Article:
By 1908, the firm was in a strong position …A 2 3/4hp gentleman’s motor-bicycle appeared for the first time in the 1913 cycle catalogue, nine years after John Marston’s decision that there should be none. But in his eyes the Sunbeam bicycles and tricycles were by then as near perfection as could be obtained – the last design patent had been granted in 1910 – and perhaps design work at Sunbeamland had shifted to the motorcycle, as had happened with other famous cycle-firms such as BSA, Centaur, Humber, James, New Hudson, New Imperial, Premier, Quadrant, Rudge-Whitworth, Singer, Sparkbrook and Triumph …In 1916 John Marston relinquished daily control of the factory.
– From ‘Sunbeam Cycles: The Story from the Catalogues’ pages 201, 202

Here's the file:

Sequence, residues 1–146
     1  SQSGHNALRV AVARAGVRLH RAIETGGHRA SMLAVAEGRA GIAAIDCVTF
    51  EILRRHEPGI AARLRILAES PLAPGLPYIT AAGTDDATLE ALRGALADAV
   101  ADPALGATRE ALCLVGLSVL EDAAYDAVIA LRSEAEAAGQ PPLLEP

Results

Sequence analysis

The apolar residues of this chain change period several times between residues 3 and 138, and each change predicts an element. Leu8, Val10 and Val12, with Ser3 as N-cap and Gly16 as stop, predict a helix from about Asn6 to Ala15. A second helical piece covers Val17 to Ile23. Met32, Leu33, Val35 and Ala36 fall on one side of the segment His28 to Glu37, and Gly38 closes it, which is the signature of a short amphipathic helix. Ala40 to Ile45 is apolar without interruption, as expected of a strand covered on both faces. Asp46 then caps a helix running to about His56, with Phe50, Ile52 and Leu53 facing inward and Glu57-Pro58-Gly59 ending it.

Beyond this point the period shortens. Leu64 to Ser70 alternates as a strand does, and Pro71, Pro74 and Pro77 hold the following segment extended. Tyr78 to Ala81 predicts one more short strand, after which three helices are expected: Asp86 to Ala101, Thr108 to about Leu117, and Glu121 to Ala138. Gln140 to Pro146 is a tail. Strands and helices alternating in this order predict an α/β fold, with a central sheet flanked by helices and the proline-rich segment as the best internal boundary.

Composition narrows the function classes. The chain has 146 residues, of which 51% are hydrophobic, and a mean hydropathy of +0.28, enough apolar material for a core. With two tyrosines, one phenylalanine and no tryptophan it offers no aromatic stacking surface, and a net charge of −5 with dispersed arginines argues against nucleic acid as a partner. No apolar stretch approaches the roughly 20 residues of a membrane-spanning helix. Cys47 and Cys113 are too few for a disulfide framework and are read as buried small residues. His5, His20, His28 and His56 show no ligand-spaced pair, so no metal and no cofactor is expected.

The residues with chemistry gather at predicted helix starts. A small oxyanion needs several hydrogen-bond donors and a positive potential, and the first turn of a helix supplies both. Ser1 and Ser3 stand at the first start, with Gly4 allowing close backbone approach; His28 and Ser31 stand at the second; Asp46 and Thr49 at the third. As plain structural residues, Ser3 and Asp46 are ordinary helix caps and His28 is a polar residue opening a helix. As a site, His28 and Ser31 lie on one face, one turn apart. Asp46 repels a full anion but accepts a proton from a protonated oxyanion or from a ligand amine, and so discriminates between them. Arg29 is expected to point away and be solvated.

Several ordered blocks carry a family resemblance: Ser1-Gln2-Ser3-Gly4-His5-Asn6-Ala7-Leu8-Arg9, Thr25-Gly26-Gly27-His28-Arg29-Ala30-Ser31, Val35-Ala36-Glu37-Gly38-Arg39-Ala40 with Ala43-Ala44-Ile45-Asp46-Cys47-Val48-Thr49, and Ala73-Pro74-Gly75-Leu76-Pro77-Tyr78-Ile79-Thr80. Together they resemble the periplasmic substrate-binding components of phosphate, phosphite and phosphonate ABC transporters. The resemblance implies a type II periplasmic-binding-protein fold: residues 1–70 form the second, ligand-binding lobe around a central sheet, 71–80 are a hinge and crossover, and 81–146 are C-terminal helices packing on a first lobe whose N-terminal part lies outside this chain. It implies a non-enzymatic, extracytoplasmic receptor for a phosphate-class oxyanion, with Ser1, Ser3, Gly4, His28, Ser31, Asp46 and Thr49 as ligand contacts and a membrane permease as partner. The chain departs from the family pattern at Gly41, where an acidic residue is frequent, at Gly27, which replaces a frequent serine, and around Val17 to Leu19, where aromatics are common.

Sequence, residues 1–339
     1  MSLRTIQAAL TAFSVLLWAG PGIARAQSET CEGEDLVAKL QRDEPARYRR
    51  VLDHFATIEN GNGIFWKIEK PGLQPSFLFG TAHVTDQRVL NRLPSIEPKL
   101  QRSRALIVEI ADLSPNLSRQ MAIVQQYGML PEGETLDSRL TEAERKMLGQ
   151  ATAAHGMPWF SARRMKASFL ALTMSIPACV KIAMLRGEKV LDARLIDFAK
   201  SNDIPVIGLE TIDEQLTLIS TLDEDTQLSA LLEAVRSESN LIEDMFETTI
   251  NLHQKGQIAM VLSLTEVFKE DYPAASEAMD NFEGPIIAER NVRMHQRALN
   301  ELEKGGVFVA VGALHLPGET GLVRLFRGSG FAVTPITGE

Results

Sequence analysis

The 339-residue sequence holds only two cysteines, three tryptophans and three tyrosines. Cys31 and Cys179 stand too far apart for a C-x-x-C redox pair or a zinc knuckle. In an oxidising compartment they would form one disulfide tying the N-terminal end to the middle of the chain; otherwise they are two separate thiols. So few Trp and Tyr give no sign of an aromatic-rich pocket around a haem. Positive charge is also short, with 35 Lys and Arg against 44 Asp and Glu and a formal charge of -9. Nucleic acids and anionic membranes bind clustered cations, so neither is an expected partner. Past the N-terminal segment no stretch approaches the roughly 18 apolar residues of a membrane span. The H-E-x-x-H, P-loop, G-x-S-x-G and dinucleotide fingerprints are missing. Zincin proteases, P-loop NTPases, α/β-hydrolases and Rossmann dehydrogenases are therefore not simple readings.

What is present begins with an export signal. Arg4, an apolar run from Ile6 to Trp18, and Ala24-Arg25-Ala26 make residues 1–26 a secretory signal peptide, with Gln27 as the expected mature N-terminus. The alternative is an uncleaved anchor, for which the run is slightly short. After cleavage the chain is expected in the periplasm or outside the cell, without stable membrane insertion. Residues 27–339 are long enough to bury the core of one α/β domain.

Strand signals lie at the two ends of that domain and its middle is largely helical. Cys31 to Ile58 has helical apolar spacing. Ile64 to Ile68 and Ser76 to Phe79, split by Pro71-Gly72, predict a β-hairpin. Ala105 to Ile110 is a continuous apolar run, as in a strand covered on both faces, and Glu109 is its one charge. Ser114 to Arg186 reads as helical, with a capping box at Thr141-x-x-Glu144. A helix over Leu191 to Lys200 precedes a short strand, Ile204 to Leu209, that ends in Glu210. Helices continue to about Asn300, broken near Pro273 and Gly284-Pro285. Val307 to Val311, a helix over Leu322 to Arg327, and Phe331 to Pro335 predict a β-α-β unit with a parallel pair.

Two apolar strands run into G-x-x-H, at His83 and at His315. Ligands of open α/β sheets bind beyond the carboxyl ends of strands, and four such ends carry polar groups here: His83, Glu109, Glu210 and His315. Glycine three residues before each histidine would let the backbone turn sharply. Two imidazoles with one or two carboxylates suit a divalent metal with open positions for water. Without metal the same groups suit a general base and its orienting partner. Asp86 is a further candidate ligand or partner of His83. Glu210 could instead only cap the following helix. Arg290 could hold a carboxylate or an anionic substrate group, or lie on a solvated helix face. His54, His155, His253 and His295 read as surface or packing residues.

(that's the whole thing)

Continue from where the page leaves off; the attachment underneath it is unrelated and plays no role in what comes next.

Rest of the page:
1913 All-Black Golden Sunbeam for Gentlemen
2-Speed Epicyclic Gears
1910 SUNBEAM CATALOGUE
BRUNSWICK SQUARE, HOVE
In the late 18th and early 19th centuries, nearby Brighton had become very fashionable, especially amongst the top tier of British society. The Kemp Town estate there had been a success, and so in 1824 architect Charles Busby entered into an agreement to build houses on land lying at the extreme east of Hove, adjacent to Brighton. This land belonged to Thomas Read Kemp, creator of Kemp Town. Building of the estate began in 1825. The name Brunswick was presumably taken from House of Brunswick, a term sometimes used for the House of Hanover, the name of the British royal family at the time.
Facilities including a market were provided. The market, opened in 1828, was funded by Busby himself but was not a success and was converted to a riding school in the 1840s. It is now a theatre. The centre of Brunswick is a public garden (above). The interior photo below is of 12 Brunswick Square.
ORIGINAL BROOKS ‘B49’ SADDLE
MADE EXCLUSIVELY FOR GOLDEN SUNBEAMS
1915 SUNBEAM CATALOGUE